The liquefaction of the blood of San Gennaro, an event known as ‘il prodigio‘, happens three times a year in Naples, Italy … at least it should. This December on the last, and least high profile, of these occasions for 2016, San Gennaro’s blood did not liquefy.
There are many in Naples who will see this as an ominous sign for the city.
Each year, on the 16th of December, the day Vesuvius erupted in 1631, the saint’s blood is presented before the people in the cathedral to commemorate all the saint did to save the city from the worst of that eruption. The hope is that, with the prayers of the faithful, the saint’s blood will liquefy. This 16th it did not.
I learned the news in England. Even from that distance I could feel the saint’s shadow. Why? Why did it still matter? Because I’ve felt how much he matters, not to everyone in Naples, but certainly to some.
The first time I saw this was in May this year when a parade of saints processed through the centro storico of Naples from the cathedral to the grand church of Santa Chiara. San Gennaro was the star (his blood had liquified) and the mood was bright as the city had just won the legal right to carry on protecting him as it always had.
In September I tried to reach the cathedral in time for the big event in San Gennaro’s calendar – the day that commemorates his martyrdom – but timings meant I would arrive late. Too late perhaps? It was … but it wasn’t.
Via Duomo was busy with sweet stalls and visitors, and in the space outside the cathedral a crowd still waited to enter. The saint’s blood had liquified – the screen by the main entrance to the cathedral showed that – but people wanted to see for themselves.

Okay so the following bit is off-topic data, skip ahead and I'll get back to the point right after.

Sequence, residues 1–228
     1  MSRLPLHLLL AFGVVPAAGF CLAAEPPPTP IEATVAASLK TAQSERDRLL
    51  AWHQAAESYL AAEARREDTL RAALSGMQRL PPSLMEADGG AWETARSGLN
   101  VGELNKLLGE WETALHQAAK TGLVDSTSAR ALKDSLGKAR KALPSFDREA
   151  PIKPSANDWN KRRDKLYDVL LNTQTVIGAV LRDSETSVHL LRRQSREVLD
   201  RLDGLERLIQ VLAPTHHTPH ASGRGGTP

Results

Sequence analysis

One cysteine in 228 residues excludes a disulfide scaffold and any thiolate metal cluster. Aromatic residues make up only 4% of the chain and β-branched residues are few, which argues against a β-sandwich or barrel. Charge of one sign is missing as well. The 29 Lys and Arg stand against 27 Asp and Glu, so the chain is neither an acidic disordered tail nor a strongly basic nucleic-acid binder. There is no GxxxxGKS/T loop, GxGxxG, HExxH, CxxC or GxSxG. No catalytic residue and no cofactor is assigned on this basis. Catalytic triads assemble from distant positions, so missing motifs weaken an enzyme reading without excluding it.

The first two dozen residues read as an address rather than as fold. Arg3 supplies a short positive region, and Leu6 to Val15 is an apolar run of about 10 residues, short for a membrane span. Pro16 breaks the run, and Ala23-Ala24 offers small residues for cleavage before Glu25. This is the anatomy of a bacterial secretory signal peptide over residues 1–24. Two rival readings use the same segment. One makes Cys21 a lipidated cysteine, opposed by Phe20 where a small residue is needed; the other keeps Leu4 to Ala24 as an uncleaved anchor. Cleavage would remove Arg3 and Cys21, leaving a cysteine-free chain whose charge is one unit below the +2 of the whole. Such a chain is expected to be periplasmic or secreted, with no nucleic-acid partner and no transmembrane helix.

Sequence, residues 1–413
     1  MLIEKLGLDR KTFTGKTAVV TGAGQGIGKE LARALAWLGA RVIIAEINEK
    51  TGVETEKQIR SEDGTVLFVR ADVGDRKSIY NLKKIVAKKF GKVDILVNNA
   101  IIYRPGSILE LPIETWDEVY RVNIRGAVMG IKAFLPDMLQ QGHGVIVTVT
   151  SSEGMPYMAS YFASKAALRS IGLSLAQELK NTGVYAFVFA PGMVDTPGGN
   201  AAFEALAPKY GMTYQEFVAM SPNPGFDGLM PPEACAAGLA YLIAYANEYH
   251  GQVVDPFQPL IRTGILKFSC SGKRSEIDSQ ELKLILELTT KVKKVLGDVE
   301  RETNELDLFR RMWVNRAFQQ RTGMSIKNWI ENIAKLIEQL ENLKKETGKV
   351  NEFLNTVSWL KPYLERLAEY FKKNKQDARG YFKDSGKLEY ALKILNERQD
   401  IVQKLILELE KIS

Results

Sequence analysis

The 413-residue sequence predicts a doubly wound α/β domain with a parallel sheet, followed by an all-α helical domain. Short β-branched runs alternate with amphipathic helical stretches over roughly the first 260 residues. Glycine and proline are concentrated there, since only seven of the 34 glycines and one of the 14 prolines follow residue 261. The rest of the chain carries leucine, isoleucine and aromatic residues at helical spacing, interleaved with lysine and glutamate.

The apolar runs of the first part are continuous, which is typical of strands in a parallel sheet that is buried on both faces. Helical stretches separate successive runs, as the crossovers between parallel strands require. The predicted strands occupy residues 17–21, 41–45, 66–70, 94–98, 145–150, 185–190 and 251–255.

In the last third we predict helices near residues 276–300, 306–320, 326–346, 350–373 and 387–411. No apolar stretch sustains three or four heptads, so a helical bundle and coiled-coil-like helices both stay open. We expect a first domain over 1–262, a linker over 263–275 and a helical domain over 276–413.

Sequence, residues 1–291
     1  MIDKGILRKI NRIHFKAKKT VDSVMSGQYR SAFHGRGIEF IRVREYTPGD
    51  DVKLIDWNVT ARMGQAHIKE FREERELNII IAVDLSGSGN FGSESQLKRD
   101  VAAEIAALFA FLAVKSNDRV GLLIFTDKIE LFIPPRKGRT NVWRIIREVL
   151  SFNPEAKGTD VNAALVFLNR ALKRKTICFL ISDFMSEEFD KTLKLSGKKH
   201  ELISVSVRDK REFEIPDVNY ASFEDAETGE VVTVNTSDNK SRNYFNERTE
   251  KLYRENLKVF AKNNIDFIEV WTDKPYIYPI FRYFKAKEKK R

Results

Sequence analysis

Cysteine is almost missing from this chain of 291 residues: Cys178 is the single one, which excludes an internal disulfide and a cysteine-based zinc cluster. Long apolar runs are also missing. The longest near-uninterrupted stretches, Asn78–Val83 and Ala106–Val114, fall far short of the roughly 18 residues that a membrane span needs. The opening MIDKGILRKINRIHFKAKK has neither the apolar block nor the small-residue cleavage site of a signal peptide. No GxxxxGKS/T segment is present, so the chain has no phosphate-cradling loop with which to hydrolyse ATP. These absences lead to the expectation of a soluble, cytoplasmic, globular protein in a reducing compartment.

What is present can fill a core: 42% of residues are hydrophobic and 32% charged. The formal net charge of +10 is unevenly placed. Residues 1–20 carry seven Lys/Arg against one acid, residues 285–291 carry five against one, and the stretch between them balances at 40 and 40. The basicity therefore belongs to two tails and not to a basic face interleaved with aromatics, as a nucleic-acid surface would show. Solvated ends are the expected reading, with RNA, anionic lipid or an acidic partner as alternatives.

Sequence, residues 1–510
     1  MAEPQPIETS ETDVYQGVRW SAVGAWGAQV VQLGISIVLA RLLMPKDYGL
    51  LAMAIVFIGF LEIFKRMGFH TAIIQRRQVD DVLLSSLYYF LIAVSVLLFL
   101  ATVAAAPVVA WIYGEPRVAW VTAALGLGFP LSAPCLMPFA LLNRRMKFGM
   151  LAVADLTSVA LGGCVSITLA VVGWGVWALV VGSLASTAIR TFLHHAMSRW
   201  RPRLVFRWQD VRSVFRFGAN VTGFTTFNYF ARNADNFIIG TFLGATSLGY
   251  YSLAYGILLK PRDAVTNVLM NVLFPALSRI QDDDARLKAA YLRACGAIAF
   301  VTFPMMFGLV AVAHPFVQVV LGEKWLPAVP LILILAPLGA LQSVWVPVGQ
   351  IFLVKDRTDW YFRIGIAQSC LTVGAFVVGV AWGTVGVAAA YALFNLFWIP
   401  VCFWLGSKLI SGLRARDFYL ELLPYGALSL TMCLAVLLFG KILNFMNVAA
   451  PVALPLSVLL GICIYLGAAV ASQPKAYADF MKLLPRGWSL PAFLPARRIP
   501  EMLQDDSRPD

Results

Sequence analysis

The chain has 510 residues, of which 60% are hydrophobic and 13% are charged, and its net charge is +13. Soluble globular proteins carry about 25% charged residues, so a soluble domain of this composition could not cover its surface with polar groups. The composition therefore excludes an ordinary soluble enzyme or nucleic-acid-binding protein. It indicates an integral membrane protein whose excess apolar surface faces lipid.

It was a warm day, and the squash to enter moved slowly, marshalled by police who helped those inside to leave before they would let us go in. We waited, packed tight, for half an hour or so. The mix was middle-aged and mainly local – some work-worn, others in handmade suits. The police, almost lost amongst us, were calm and poker-faced.
It was a relief to enter the cathedral at last, and quiet tension gave way to clamour as the crowd pushed forward down the nave. At the far end, on a specially constructed platform, camera crews focussed their lenses, while police and priests patrolled the altar space between them and San Gennaro.
The crowd was anxious to get as close as possible to the saint. There was some confusion that required increasingly loud instruction until a priest moved to the microphone and began to pray, his voice a quiet, sing-song. Slowly, gradually the urgency ebbed.
San Gennaro, dwarfed by the pillars of the cathedral, remained aloof behind candles, every angle of his polished face reflected in their light.
I watched, I took the photographs I could, and then I left.
Outside the cathedral the crowd had shrunk to a gathering. The sun shone and bright balloons bounced against the blue – it was a good day for the city.
In all I have had three encounters with San Gennaro – the first was at a demonstration in his name; the second at the procession of saints in May; and the third in September – each encounter marked by emotion.
On the surface the idea of San Gennaro is difficult for the rationally-trained modern mind. Even in Naples this is true, but there’s no denying the urban memory that links the non-liquefaction of San Gennaro’s blood to past tragedies. These, connected either directly, or indirectly, to the city include earthquake, plague and war.
So – what does the non-liquefaction of the saint’s blood this December mean? Who knows? But the hope, and not just for those who feel this most deeply, is that the saint will stand by his city whatever the future holds.
Copyright Georgie Knaggs & The Phraser 2016